Assad slams foreign help to ‘terrorists,’ Syria bolsters troops as Iranian warships dock

President Bashar al-Assad said on Monday that foreign parties were funding "armed terrorist groups" to destabilize Syria and intent on blocking any political solution, the state news agency SANA reported.

It said the embattled president made the accusation in a meeting with a visiting top Russian MP, Alexei Pushkov, head of the international affairs committee of Russia's lower house of parliament.

Assad thanked Russia for its support of his country which he said was being "targeted by armed terrorist groups receiving funding and arms from foreign parties, aiming to destabilize Syria," SANA reported.

The same parties were determined "to block all efforts to reach a solution, especially with the reforms being brought in," he added.

Russia is a close ally of Damascus, which is under mounting Arab and international pressure to end its crackdown on pro-democracy protests that activists say has killed more than 6,000 people since March 2011.

Moscow and Beijing earlier this month vetoed a UN Security Council resolution condemning the violence by Assad's regime, an action which earned Moscow a tirade of criticism from the West.

The visit by Pushkov, a member of the ruling United Russia party and former television commentator, comes after Russia's Foreign Minister Sergei Lavrov held talks in Damascus earlier this month with Assad.

Meanwhile, Syrian troops massed around Homs, sparking calls Monday for women and children to flee the besieged flashpoint city, as Iranian warships docked at the port of Tartus in a show of force.

The reported build-up came as Mediterranean states meeting in Rome agreed to preserve Syria's territorial integrity and avoid an "Iraqi scenario," according to Tunisian Foreign Minister Rafik Abdessalem.

US General Martin Dempsey, chairman of the Joint Chiefs of Staff, said any intervention in Syria would be "very difficult" and that it was "premature" to arm the opposition.

China's influential People's Daily warned that any Western support for the rebels would trigger a "large-scale civil war."

But, despite a weekend appeal by a visiting Chinese envoy for all sides to stop the violence, monitors said forces of embattled President Bashar al-Assad targeted the central city of Homs for a 17th straight day.

Attacks on Homs killed nine out of the 15 people killed across Syria so far on Monday, according to reports by the Syrian Observatory for Human Rights and official state media.

Shelling of Baba Amr, the main rebel stronghold in Homs, killed five civilians, while another four died when rockets crashed into Al-Malaab district, said the Britain-based Observatory.

The official SANA news agency said a lieutenant colonel and a sergeant were killed in a clash between border guards and an "armed terrorist group" in Athraya, central Hama province.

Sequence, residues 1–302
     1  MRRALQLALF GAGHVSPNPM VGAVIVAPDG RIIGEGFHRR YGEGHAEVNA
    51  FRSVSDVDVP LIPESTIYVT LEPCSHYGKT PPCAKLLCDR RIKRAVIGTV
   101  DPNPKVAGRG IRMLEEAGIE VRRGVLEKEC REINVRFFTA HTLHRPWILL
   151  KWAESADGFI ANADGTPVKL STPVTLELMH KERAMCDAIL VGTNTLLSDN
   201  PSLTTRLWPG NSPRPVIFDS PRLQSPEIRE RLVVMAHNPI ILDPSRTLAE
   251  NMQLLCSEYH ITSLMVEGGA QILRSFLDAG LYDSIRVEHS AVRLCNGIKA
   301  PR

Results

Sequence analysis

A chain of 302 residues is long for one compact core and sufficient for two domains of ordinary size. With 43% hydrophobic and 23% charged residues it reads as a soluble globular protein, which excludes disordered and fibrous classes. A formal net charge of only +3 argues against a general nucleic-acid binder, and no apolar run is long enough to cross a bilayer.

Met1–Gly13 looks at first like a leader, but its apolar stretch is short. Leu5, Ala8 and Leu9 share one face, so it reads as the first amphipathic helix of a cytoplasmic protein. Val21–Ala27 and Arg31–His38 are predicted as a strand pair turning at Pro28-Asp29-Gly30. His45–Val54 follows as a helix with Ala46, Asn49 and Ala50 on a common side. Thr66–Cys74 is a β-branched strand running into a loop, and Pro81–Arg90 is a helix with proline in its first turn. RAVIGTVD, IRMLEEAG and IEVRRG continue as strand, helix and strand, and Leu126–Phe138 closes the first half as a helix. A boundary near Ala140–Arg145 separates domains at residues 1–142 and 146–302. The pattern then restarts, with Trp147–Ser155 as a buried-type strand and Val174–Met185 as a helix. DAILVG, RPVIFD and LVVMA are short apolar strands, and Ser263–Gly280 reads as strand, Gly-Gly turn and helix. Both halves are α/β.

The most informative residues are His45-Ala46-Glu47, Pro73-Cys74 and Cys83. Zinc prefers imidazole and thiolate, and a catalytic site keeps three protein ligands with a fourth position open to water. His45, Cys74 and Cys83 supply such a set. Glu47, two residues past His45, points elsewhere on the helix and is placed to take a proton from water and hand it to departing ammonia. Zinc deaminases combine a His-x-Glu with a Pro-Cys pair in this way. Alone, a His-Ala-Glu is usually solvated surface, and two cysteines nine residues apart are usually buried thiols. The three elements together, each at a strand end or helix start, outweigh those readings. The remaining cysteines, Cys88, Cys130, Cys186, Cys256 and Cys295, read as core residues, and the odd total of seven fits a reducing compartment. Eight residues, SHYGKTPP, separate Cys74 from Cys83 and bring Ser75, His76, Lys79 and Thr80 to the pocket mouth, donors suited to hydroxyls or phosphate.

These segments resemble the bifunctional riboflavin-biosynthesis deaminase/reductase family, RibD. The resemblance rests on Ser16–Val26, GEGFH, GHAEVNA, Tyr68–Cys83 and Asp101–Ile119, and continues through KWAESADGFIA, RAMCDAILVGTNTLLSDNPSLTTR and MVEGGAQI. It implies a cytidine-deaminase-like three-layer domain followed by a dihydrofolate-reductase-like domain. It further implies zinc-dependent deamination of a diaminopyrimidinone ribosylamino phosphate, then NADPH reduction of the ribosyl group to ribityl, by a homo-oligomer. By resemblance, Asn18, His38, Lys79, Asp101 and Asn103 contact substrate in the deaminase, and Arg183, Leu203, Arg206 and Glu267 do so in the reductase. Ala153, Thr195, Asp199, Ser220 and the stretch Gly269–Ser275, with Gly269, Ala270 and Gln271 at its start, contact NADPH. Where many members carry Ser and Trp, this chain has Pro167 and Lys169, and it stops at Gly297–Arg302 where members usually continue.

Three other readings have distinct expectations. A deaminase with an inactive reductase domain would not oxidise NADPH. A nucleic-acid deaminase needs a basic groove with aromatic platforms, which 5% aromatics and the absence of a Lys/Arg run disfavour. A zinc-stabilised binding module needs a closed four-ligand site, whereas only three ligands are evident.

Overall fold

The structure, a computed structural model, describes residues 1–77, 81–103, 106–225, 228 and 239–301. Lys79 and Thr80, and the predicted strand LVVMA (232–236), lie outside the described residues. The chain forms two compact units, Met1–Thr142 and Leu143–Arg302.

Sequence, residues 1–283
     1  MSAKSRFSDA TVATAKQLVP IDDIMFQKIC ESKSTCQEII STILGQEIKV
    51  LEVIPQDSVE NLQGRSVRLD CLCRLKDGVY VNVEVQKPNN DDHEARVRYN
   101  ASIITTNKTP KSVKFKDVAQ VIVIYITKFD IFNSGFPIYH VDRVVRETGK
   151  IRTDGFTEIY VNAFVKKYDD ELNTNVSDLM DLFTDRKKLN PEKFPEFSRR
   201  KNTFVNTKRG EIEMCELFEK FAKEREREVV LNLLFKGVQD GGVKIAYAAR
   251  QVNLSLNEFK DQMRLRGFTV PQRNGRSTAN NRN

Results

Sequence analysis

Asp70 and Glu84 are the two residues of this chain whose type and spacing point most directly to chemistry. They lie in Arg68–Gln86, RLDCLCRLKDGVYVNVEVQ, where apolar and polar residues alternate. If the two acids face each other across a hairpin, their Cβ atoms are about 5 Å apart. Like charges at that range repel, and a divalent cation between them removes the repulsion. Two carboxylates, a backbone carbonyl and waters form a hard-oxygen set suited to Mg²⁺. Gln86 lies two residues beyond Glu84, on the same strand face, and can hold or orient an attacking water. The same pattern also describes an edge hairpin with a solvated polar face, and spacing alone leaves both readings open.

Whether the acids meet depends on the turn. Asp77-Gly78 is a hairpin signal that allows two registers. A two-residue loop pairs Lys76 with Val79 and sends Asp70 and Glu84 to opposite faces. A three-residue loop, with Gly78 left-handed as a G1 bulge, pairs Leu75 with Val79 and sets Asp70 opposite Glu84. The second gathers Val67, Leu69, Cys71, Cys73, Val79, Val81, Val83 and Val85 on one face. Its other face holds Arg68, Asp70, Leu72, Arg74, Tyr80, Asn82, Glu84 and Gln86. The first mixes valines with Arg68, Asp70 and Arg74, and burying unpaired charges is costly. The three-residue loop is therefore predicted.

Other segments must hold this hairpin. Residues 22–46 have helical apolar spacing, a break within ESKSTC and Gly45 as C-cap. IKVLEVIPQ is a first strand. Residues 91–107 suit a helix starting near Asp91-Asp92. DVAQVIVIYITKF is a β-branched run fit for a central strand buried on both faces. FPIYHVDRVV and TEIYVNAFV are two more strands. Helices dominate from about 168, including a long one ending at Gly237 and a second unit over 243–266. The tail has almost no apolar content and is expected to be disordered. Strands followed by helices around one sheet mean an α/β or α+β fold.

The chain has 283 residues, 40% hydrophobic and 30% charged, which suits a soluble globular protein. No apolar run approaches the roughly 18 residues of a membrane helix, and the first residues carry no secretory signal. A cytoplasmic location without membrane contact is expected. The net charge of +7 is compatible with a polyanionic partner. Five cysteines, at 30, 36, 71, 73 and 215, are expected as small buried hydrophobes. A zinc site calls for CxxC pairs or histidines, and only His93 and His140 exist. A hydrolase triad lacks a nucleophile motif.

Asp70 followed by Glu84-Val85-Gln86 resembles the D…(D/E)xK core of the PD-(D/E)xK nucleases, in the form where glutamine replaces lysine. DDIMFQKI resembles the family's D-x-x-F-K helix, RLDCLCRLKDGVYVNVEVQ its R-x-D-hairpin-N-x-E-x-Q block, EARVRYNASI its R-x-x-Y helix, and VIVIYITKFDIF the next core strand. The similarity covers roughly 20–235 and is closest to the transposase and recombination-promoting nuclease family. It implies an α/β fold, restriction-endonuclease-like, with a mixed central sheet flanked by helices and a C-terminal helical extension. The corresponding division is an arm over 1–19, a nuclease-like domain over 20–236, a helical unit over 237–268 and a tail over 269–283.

Activists and state media reported at least 14 people were killed Sunday, adding to the more than 6,000 people who have died in the Assad regime's 11-month crackdown on dissent.

"Infantry troops arrived yesterday (Sunday) in Homs," Rami Abdel Rahman, head of the Britain-based Syrian Observatory for Human Rights, told AFP on the telephone Monday.

A Homs-based activist voiced fears of an imminent attack on Baba Amr, the main rebel stronghold in the central city, speaking of "unprecedented military reinforcements coming from Damascus."

"News has been leaked to us from army officers about a bloody attack that will burn everything in Baba Amr," Hadi Abdullah of the General Commission of the Syrian Revolution said Sunday.

"We were expecting the attack two nights ago, but it could have been just delayed because of the snowstorm," he said.

A day after saying Baba Amr was being hit at the rate of up to five rockets a minute, Abdullah on Monday demanded a safe passage to allow women and children to leave the district.

"We want women and children to be allowed to leave," he told AFP, adding that "people were suffering from the weather while their conditions are miserable."

Abdel Rahman was cautious about the timing of the expected attack.

"We do not know when the attack might happen," he said.

Elsewhere, two warships from Iran, a key backer of the Syrian regime, docked at the port of Tartus, Tehran's state television reported on Monday, adding that their crew would train Syrian sailors.

Iran's navy chief, Admiral Habibollah Sayari, said on Saturday that the ships, a destroyer and supply vessel, had passed through the Suez Canal to show the Islamic republic's military "might."

In Damascus, regime forces remained on alert after two days of large and unexpected protests, and after a call for a "day of defiance" was observed in restive neighbourhoods, according to activists.

"Following the surprising demonstrations (on Friday and Saturday), the regime is reconsidering its security measures," in the capital, said Abdel Rahman.

Mohammed Shami, a spokesman for activists in Damascus province, said security was bolstered in some areas in the tense neighbourhood of Mazzeh, including around the Iranian embassy.

Two masked men flew a large green, white and black flag of "independence" from a bridge in Kfar Sousa neighbourhood, according to amateur video footage uploaded by activists to YouTube.

Activists reported Sunday a security clampdown on Mazzeh, thwarting plans to stage large protests in the area, scene the day before of a funeral that became a huge anti-regime rally.

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